Online detox: six things


I’ve been doing a little experiment for the past two months: I’ve pretty much gone offline*. I wanted to observe the effects on me – on my world, my thinking and my creativity.

Here are six things that I have found…


1. It’s been painfully hard to do

I suspected going offline would be a challenge, as I knew I’d built a lot of my identity into my pretty little Instagram feed over the years.

What I didn’t expect was the intense – at times physical – discomfort of being parted from something that I had clearly come to crave.


2. I felt lonely

Well, duh: cut yourself off from everyone online and what do you expect? I know.

But I did want to see how real life felt without all that online gloss, and if I’m honest? Looking around me at life without all the stat-highs and follower-buzz led to quite the crash: because my life, for the most part, is incredibly ordinary.

And I couldn’t help but wonder if we, as human beings, are not better suited to life in those uneventfully still waters?


3. My creativity changed

I came to scrapbooking at the height of the online ‘work your brand’ thing. So to switch to creating privately, with the sole purpose of enjoying the activity, was quite the change.

The effects of ceasing to post and interact on my Instagram algorithms was surprisingly obvious, but making just for the joy of making? I liked it an *awful* lot.

Losing the sunshine of interactions with the scrapbooking community though, has been the *major* downside of this experiment.

I’ve been emailing my scrap besties, but when you silence the rest of that delightful paper-obsessed chatter, you feel the loss of it’s sweetness.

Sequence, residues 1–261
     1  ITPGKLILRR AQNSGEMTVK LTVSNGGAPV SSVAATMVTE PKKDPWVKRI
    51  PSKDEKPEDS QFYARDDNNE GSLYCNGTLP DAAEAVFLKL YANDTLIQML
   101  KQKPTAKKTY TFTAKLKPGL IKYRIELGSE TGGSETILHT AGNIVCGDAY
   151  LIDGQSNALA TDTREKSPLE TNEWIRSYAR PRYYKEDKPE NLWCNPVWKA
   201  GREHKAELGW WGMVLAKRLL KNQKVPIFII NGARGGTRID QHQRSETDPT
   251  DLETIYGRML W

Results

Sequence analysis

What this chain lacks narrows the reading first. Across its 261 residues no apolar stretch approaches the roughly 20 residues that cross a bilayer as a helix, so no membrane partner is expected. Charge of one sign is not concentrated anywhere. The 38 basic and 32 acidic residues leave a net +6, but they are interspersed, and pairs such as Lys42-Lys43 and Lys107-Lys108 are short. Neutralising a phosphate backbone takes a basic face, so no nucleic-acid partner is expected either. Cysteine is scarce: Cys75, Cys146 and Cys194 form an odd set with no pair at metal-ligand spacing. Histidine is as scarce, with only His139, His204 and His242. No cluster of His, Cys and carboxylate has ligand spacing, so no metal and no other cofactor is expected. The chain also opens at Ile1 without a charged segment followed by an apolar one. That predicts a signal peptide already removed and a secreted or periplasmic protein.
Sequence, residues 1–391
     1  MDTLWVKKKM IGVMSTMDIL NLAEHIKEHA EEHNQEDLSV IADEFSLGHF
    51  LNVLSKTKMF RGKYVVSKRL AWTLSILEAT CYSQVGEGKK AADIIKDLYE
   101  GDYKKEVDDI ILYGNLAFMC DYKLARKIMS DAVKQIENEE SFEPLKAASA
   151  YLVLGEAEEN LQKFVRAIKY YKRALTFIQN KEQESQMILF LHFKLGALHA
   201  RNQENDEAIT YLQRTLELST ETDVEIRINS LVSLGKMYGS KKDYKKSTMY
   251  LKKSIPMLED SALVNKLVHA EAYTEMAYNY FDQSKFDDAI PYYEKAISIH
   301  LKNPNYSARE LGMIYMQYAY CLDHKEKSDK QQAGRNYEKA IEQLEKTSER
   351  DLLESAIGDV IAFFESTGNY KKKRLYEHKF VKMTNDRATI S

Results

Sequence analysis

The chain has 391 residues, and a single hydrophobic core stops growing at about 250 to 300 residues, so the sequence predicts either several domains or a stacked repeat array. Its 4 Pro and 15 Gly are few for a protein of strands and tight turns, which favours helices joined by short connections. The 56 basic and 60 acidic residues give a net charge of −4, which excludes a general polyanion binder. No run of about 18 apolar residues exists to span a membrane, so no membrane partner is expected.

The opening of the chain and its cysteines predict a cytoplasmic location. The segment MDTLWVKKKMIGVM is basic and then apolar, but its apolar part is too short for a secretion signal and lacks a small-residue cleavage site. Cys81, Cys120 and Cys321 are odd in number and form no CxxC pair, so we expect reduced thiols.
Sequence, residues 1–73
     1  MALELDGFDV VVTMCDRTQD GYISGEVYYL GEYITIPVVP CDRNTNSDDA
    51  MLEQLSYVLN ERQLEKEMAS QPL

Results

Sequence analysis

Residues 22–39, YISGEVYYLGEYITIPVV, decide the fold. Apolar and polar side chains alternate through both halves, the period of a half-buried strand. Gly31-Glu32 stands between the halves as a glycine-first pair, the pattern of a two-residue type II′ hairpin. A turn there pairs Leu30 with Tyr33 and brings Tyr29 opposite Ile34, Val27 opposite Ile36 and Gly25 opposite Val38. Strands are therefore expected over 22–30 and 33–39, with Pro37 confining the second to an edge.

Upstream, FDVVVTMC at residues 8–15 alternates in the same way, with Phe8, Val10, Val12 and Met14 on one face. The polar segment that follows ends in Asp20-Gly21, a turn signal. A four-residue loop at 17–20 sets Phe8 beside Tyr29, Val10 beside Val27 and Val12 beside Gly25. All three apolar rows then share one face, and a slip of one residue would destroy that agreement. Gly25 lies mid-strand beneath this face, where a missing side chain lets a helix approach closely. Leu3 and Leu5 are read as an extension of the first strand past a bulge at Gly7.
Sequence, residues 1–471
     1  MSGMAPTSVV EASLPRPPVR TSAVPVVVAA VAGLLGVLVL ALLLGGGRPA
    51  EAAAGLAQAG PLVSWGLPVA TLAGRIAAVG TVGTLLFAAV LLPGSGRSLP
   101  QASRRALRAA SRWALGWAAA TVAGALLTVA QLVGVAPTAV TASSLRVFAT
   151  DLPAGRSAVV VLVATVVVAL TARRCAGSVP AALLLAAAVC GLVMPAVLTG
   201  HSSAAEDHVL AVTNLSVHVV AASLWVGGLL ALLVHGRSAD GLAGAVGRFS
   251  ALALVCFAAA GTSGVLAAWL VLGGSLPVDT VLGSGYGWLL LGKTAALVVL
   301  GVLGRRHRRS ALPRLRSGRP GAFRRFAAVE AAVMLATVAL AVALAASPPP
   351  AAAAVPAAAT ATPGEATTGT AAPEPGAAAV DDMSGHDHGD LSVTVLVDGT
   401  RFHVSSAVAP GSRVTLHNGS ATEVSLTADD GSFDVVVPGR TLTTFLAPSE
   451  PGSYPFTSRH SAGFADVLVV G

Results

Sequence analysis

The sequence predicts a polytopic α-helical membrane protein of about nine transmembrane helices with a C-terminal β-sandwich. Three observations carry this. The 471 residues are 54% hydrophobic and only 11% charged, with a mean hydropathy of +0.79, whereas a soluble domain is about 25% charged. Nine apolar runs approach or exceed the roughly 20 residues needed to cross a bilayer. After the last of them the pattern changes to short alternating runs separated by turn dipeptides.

My youtube process and podcast consumption went through the roof – perhaps as an attempt to feel just a little bit part of things.


4. I’ve been uncomfortably challenged

One upshot of not socialising online is that you’re forced to get out there and mix with real people. Because we’re created for interaction and I felt the blues creeping in, pretty much the moment I disconnected.

I actually found getting out there so challenging, that I wondered if my obsession with the ‘hiding behind a screen’-me, had resulted in an erosion of confidence in the real-life me.

I also questioned whether my commitment to creating ‘online sparkle’ masked a deeper unhappiness and dissatisfaction that I hadn’t been prepared to face.


5. The ordinary gained more significance

Taking away the excitement of knowing that I had an online audience appeared to leave me with a greater appreciation for the depth of ordinary moments.

You know that exhilarating moment when the postman comes and he *might* have something for you? I felt like I’d been functioning at that point of excitement all day, every day for a very long time: seeking out that thrilling chemical high of being liked and approved of.

Take that (exhausting) mode of being away, and little lovely things can better have their moment in the sun. Which is nice, you know?

Because beauty’s everywhere and it’s perhaps only when your inner life quietens down that you really start appreciating it again.


6. Life can just be life again

Turn social media off and you stop looking at life for it’s Instagram potential.

Because life’s not a consumable experience, ready to be packaged and re-sold for it’s ability to make your name better known.

It’s been good for me to stop looking at my world through a square-shaped invisible lens, seeking out anything with pastel-hued popularity-potential.

It’s been good for me to force myself to see my world for what it is: a beautiful, messy, confusing mixture of moments and meaning – which is, at the end of the day, all any of us really ever have.

* My online activity has been limited to posting some Instagram photos and writing blog posts, both to fulfil my Design Team commitments.

2 thoughts on “Online detox: six things

  1. I took a new approach this year and put everything in feeds. The only people in my news feed are my nuclear family. Good blog, Suse. You’re brave enough to step back and examine each aspect of your life. That’s encouraging to others who might be struggling to “keep up” or have internet FOMO.

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